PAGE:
Saturday, July 24, 2010

Cookies again

I do enjoy baking and decorating Christmas cookies very much; I have fond memories of getting together with  friends and cousins who are also Christmas-crazed, and just having a blast.

We're all a little crazy anyway and one of my cousins brought some wine, and we may or may not have gotten a little tipsy on top of our usual silliness and it was just hysterically good fun.

We did this for several years, but eventually everyone moved away from me, so I no longer bake every year. It just depends on my mood year by year.

I thought I'd share some tips I find helpful, and an idea I like to use for packaging them up.

From: Living - Martha Stewart

Decorating cookies can be as simple as using icing dots to make a gingerbread man's face and buttons, or as challenging as flooding and flocking with bright royal icing and tinted sugar. Follow the techniques below for beautifully iced cookies.

Pastry bag with coupler
#2 tip for piping
#3 tip for flooding small cookies
#5 tip for flooding large cookies


1. Royal Icing can be made several days ahead of time and stored in pastry bags -- at room temperature if made with meringue powder or in the refrigerator if made with egg whites.

2. The icing can be thickened or thinned by varying the amount of egg whites and sugar. A thinner icing (with more egg whites) is best for flooding, since it spreads more smoothly; a thicker icing (with more sugar) is best for piping.

3. If the colors start to separate, gently massage the bag to remix the icing.

4. To fill a pastry bag: Place the bag tip side down in a glass about 3 inches shorter than it; fold the top of the bag down over the edge of the glass to form a cuff. Using a large rubber spatula, scrape the icing into the bag, filing it to one-half to two-thirds full. Unfold cuff, and close bag with a twist tie.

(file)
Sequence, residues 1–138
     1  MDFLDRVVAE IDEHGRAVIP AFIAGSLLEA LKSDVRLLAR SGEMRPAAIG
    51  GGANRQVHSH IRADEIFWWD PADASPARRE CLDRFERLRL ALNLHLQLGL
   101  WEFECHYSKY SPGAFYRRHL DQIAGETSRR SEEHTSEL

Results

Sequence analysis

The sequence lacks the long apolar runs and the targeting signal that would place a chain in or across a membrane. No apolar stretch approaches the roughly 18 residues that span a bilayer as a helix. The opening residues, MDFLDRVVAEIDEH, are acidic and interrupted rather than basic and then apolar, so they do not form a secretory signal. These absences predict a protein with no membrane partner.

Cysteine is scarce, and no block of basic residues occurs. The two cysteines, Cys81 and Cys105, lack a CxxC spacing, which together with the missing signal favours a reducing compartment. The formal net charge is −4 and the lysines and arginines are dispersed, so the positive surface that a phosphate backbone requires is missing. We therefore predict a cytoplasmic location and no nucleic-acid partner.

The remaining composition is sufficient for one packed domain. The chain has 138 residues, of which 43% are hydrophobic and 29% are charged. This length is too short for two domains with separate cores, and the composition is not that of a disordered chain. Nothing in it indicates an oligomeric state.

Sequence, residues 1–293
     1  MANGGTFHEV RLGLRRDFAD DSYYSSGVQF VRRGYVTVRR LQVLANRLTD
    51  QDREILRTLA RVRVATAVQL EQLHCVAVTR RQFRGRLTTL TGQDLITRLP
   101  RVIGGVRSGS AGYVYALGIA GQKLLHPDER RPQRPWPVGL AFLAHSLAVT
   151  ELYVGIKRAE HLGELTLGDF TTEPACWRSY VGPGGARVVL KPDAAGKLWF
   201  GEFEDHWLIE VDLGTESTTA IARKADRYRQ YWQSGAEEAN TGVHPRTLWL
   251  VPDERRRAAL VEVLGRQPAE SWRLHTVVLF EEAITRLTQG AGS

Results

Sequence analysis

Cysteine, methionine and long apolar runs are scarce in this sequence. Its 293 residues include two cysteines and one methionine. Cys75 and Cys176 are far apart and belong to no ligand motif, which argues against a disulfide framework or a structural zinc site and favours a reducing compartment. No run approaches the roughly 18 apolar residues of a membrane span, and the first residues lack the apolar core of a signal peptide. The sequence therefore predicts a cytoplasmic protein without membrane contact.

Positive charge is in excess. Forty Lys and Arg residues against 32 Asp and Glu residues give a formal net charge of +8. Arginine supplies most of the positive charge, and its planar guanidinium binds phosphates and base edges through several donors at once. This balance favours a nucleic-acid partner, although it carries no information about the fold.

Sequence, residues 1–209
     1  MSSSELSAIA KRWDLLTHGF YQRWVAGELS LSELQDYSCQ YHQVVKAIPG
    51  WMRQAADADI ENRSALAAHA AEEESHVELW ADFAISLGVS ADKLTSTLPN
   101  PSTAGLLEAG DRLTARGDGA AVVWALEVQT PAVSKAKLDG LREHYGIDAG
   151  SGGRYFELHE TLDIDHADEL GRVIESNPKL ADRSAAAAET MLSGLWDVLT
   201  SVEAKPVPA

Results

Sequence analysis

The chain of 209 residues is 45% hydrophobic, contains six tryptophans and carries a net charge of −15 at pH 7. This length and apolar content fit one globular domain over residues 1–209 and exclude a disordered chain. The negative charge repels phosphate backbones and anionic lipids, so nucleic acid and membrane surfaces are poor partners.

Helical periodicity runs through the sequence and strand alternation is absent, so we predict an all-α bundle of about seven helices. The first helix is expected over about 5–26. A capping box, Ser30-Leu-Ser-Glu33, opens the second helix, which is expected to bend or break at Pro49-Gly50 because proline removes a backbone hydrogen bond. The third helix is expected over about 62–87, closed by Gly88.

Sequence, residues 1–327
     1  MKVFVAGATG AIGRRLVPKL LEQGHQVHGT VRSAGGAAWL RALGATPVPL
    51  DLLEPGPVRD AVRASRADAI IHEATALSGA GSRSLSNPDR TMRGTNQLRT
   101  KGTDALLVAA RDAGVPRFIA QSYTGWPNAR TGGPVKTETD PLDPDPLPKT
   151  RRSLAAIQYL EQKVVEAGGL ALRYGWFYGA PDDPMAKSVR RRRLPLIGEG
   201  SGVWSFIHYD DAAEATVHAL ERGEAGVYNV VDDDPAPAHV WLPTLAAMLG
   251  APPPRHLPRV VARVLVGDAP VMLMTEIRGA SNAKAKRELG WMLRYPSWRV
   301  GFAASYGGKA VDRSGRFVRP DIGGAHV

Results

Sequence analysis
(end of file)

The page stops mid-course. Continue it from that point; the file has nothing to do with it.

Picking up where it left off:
5. To prevent the tip from clogging, either place a damp paper towel in the bottom of the drinking glass, or insert a toothpick in the tip, and remove it just before piping.


This process coats the entire surface of a cookie with royal icing.

1. Outline half a cookie with piping (thicker) icing, using a #2 tip. Rotate cookie 180 degrees, and outline the other half. Let the icing set, 5 to 10 minutes.

2. With the flooding (thinner) icing, using a #5 tip, draw zigzags over the cookie's surface.

3. Using a small offset spatula, spread the flooding icing evenly within the piping outline. Let the cookie dry overnight at room temperature.

4. When the flooding is dry, use the #2 tip to pipe your chosen design.


This process creates an effect like flocked velvet: Sparkly sanding sugar adds color and texture to the cookies.

1. While the icing is still soft, hold the cookie over a baking sheet, and sprinkle it liberally with sanding sugar -- a large-grain decorating sugar. Let the cookie sit for 30 minutes before shaking off excess sugar. Allow it to dry for several more hours before gently removing stray crystals with a soft pastry brush.

First Published: December/January 1997/1998


A nice icing "how-to"

Flooding technique


I did this one year, although I didn't use the initial cut out...I just used a cookie that fit the recipient. I used a basic gingerbread recipe and they smelled so good!

A pretty way to present your cookies, it's my favorite presentation:

Close ups of a few:

Here are some tips on how to make the cookie cans especially nice!

Merry Christmas-In-July-Eve!


  1. I am going to do the paint cans for my cookie exchange this year! What a great idea for delivering cookies!

  2. Fabulous tips, big sis!!! Mwaaaahhhh!!!

  3. Those are super cute and chic even! :) great idea


Thank you so much for sharing your thoughts with me!